Wednesday, February 11, 2004

Teaching the 20th-Century History of the United States.

Teaching the 20th-Century History of the United States. This essay reviews ways that teachers can teach about the 20th Century in class.

From the site:

It is important to reaffirm the teaching of recent United States history in secondary schools. Diane Ravitch and Chester E. Finn (1987, 84) state this well: "If we think it important that they [17-year-old students of 1986] understand the three decades between the Second World War and their own sixth birthdays [in 1975], we cannot expect this instructional job to be done for them by the daily newspapers or the nightly news; we have to teach this period as the history that it now is." Unfortunately, there are several obstacles to teaching this period of history, including time constraints, student apathy for the subject, and limited help from textbooks.

This ERIC Digest (1) examines the coverage of 20th-century United States history; (2) discusses the consequences of limited coverage for student learning; (3) provides ideas on improvement of teaching and learning 20th-century United States history; and (4) lists ERIC resources dealing with all these facets of the topic.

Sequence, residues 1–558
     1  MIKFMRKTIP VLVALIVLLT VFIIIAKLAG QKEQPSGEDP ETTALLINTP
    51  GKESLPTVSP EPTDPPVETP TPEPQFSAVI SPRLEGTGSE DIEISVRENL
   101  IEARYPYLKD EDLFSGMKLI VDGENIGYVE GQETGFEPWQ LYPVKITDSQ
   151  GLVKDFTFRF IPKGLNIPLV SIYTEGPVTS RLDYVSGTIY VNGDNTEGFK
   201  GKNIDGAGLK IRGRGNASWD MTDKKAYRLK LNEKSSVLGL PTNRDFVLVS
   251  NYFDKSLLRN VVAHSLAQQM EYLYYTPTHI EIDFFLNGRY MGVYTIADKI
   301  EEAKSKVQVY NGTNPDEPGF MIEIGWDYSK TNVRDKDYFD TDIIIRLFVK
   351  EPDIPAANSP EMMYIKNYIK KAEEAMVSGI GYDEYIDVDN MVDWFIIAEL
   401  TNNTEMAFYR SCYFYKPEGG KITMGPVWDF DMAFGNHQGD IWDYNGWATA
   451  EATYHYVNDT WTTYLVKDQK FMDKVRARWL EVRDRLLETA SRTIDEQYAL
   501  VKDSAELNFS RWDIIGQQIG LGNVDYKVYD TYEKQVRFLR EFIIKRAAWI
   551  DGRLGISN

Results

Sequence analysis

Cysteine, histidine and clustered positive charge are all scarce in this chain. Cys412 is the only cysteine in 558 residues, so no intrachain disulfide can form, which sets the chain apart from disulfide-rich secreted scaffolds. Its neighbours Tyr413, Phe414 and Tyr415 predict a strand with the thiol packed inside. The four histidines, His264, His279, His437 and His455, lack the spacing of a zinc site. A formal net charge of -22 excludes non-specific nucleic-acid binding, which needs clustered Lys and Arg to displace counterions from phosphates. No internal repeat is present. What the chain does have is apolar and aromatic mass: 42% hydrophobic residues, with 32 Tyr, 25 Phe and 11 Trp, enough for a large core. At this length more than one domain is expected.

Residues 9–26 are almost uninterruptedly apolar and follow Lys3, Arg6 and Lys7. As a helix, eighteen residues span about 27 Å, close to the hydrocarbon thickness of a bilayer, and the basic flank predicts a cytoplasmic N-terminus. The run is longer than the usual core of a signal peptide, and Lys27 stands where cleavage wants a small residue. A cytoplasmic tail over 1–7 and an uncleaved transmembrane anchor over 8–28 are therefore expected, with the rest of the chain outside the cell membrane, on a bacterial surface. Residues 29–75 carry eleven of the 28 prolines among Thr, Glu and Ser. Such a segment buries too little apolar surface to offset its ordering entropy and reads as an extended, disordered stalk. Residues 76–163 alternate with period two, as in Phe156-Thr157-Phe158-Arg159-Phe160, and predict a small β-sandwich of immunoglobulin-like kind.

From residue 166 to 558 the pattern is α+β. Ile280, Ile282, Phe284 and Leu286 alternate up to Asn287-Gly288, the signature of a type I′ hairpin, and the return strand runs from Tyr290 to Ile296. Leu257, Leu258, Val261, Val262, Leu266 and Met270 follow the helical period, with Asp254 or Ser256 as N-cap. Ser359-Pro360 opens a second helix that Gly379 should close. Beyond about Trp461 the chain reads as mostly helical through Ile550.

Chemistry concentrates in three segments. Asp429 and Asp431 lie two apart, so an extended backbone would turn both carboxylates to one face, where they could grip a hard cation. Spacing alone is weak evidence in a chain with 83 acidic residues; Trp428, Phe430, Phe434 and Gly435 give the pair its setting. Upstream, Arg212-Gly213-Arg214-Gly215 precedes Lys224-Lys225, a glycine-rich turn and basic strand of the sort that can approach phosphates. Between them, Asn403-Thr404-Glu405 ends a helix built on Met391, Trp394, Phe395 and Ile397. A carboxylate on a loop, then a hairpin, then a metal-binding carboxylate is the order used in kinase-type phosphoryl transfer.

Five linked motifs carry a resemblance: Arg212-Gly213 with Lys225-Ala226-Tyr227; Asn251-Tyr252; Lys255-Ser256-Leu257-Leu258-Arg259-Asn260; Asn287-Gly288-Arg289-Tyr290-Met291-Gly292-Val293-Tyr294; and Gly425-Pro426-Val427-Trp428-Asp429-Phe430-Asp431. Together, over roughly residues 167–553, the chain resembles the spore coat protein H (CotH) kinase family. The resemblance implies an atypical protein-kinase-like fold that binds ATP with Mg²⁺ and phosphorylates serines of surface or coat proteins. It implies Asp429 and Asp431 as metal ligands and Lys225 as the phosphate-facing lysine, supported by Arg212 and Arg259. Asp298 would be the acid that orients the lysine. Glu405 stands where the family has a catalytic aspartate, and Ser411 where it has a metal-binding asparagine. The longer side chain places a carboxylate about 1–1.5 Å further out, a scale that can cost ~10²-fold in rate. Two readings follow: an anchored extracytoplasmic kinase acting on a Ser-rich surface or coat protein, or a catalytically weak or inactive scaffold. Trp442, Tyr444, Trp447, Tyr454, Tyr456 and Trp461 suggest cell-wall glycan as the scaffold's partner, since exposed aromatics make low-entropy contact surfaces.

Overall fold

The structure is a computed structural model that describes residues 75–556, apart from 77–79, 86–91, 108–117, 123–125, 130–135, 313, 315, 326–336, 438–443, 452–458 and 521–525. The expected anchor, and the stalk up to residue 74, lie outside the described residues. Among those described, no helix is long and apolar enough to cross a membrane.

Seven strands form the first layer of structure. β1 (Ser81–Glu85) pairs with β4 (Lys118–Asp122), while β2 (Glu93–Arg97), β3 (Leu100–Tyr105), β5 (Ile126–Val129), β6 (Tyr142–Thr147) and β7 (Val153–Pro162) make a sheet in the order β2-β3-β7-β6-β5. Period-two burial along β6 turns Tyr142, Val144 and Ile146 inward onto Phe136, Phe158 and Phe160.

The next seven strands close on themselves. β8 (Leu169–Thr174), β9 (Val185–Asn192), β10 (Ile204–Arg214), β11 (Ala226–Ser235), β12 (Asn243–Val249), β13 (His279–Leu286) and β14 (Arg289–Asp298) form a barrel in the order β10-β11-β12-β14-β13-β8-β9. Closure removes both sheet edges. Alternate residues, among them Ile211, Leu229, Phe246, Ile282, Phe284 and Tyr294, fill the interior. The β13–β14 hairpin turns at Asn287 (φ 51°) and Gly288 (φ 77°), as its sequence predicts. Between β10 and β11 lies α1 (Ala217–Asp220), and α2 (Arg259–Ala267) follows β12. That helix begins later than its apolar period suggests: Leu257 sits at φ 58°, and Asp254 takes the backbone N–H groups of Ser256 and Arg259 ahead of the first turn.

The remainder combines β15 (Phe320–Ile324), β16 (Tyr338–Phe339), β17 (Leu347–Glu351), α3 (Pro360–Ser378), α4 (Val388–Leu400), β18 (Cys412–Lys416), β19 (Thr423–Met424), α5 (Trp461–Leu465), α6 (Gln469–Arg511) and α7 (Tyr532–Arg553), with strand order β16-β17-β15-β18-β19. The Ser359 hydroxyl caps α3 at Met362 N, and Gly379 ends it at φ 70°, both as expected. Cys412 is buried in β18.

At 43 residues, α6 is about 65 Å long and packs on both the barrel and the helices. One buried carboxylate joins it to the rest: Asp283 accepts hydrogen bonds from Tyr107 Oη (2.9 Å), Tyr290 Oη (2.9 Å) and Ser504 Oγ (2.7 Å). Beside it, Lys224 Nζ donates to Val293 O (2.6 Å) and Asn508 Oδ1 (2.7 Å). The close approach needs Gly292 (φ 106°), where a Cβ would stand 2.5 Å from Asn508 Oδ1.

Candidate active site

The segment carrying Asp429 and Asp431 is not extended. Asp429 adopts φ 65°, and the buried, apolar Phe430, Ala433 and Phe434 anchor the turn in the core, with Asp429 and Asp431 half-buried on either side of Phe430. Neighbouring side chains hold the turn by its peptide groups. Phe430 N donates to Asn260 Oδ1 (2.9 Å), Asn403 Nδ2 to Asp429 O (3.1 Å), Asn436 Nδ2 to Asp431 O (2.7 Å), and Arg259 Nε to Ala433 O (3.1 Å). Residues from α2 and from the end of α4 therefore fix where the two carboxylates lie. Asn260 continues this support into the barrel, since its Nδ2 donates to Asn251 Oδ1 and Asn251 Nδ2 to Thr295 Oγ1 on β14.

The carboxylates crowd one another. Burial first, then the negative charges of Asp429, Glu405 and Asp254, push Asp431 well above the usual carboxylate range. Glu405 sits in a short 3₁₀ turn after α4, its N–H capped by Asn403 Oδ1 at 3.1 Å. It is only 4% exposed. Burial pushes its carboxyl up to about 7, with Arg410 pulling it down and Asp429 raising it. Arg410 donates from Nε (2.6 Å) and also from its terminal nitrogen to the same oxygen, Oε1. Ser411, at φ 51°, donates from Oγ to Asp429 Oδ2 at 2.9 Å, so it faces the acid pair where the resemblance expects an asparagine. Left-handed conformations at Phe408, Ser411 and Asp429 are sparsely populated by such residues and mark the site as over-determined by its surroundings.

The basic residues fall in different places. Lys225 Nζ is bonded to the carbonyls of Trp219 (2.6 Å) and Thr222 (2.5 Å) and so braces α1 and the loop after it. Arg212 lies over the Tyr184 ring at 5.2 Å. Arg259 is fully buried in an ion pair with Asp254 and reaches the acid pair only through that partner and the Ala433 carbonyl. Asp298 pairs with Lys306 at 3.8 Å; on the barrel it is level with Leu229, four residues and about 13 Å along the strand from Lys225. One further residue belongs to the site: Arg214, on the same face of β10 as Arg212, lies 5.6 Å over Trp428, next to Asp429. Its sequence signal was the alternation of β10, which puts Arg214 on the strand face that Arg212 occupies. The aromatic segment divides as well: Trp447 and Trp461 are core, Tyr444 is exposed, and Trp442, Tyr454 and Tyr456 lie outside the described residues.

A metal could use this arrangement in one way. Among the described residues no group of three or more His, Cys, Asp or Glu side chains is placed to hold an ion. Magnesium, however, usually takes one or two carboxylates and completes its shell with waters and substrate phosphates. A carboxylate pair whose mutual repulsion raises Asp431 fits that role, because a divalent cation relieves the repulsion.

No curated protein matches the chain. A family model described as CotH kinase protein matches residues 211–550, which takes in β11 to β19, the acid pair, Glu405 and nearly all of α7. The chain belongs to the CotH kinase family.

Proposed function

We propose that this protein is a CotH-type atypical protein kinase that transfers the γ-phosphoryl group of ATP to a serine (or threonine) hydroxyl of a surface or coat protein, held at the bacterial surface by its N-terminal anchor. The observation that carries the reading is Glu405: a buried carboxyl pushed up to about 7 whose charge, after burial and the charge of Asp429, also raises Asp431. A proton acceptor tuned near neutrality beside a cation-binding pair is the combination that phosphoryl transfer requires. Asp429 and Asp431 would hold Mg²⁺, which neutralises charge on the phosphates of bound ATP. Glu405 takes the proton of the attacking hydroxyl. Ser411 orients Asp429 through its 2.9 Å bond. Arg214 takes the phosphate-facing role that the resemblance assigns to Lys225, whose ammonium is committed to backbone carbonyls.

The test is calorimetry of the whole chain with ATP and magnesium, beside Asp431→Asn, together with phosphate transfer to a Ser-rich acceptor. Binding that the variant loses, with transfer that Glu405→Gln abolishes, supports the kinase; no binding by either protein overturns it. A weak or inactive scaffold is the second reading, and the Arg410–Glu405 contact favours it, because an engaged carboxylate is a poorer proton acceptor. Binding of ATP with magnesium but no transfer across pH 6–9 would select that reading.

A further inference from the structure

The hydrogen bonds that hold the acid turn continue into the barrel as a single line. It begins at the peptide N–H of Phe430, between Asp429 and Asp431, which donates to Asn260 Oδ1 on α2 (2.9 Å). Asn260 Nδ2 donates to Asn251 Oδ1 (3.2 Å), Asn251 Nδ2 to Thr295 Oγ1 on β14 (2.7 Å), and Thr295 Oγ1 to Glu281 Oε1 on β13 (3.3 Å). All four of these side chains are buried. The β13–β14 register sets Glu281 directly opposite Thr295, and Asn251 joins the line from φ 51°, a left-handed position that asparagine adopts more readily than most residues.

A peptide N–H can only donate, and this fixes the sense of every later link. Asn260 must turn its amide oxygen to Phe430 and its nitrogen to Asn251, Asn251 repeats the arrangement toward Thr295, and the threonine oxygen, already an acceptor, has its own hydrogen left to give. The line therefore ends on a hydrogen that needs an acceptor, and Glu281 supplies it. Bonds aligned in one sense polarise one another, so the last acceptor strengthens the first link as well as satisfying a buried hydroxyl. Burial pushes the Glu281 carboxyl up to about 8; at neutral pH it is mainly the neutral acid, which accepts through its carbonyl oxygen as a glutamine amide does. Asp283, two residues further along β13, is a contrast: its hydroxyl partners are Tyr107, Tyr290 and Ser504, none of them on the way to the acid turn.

Most students study U.S. history in the 8th and 11th grades. The study of U.S. history tends to remain at these grades in the reform reports, including the HISTORY-SOCIAL SCIENCE FRAMEWORK FOR CALIFORNIA PUBLIC SCHOOLS, the recommendations of the Bradley Commission on Teaching History in Schools, and the findings of the National Commission on Social Studies in the Schools, reported in CHARTING A COURSE.

The California Framework clearly divides United States history into two separate, yet linked courses. In the 8th grade, students study the Constitution to World War I, followed in the 11th grade with a continuation, focusing primarily on 20th-century United States history, following a required review of the previous course. One of the Bradley Commission's recommendations is that 8th-grade students study United States history through the Civil War and 11th-grade students continue the study of United States history after 1865. The National Commission on Social Studies in the Schools report, CHARTING A COURSE, suggests 8th-grade students study the United States, with a world view, and in the 11th grade, students concentrate on world and American history and geography since 1900.

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